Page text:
Supported by grants to Doctor Dickson from the Medical Research Council of Canada and the Canadian National Institute for the Blind out of the E. A. Baker Foundation for the Prevention of Blindness.
Retinal development in the lamprey (Petromyzon marinus L.): Premetamorphic ammocoete eye
Article first published online: 3 FEB 2005
Copyright © 1979 Wiley-Liss, Inc.
American Journal of Anatomy
Volume 154, Issue 3, pages 321–336, March 1979
How to Cite
Dickson, D. H. and Collard, T. R. (1979), Retinal development in the lamprey (Petromyzon marinus L.): Premetamorphic ammocoete eye. Am. J. Anat., 154: 321–336. doi: 10.1002/aja.1001540303
- Issue published online: 3 FEB 2005
- Article first published online: 3 FEB 2005
- Manuscript Accepted: 4 OCT 1978
- Manuscript Received: 19 JUN 1978
Development of the retina of the ammocoete begins early in embryogenesis, with the formation of the optic vesicle, but development of the rudimentary eye is suspended and remains arrested during larval life. Prior to the onset of metamorphosis, the retina of the ammocoete is completely undifferentiated, with the exception of a small area (Zone II) surrounding the optic nerve head, where all of the adult retinal layers are found. The photoreceptors in this area have developed to include synaptic contacts as well as inner and outer segments. The pigment epithelium in this area, too, has differentiated to include well-formed melanin granules, myeloid bodies and endoplasmic reticulum and is closely associated with the receptor cell outer segments. With the approach of metamorphosis, differentiation of the remainder of the retina (Zone I) begins, taking place in a radial fashion from the optic nerve head. Differentiating pigment epithelial cells adjacent to the differentiated retinal zone begin to accumulate melanin granules. In the neural retina, junctional complexes are established in the form of an external limiting membrane, and connecting cilia project into the optic ventricle. Photoreceptor differentiation begins with the formation of a mitochondria-filled ellipsoid within the inner segment.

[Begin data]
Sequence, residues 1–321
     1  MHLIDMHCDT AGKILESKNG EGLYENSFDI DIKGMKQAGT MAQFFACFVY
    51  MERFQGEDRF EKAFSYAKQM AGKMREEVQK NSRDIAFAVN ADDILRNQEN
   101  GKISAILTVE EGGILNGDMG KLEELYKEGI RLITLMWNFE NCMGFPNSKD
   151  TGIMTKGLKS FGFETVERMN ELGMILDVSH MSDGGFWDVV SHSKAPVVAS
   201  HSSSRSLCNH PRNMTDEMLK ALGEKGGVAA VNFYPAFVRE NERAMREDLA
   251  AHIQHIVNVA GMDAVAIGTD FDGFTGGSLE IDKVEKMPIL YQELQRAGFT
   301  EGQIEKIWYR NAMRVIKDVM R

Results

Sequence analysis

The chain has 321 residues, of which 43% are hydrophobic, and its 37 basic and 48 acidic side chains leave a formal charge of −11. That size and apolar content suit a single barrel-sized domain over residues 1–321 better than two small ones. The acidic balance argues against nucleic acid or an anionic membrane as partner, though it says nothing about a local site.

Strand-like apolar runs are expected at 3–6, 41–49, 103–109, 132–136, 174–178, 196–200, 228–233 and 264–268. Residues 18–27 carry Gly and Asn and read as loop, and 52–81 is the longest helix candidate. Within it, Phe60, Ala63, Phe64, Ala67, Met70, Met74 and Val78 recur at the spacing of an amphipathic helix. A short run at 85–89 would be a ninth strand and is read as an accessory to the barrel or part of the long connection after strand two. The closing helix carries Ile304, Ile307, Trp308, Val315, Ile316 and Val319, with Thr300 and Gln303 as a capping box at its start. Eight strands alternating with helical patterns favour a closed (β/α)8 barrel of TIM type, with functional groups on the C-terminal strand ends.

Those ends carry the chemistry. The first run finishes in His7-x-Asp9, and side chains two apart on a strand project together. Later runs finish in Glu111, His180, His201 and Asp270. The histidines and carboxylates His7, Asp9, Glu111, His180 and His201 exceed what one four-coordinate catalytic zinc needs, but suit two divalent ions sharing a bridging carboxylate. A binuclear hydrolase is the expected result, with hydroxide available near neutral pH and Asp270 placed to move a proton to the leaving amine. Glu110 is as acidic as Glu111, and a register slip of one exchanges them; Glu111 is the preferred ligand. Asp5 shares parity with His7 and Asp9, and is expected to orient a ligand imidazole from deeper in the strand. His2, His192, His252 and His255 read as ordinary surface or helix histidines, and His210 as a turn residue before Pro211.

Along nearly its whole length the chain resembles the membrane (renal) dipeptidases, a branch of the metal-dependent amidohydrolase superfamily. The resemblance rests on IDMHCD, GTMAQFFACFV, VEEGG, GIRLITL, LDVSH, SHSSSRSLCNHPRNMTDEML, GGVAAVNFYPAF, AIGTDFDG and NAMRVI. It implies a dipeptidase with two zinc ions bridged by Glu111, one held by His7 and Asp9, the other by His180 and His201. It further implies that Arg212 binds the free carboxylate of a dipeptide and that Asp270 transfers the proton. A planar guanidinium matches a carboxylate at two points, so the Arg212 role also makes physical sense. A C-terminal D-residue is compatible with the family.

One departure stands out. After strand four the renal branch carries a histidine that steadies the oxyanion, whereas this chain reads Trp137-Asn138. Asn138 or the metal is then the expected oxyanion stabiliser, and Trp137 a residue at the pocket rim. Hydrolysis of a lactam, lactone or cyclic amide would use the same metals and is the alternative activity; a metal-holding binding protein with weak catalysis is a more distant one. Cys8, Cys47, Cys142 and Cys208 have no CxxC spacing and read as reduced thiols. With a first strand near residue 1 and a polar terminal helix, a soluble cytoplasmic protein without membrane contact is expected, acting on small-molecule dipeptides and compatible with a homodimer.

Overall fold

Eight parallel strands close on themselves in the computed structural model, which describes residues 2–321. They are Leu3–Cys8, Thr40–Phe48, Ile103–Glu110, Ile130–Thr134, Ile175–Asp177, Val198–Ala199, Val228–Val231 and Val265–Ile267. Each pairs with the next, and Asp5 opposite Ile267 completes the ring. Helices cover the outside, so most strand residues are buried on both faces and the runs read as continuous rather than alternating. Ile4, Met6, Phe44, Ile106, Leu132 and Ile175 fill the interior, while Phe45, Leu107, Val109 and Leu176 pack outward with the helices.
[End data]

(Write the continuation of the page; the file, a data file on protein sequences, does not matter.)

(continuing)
Development and differentiation of the ammocoete retina is unique to vertebrates in that only a small area of differentiated retina is present during the larval stage. The remainder of the retina differentiates and becomes functional during metamorphosis.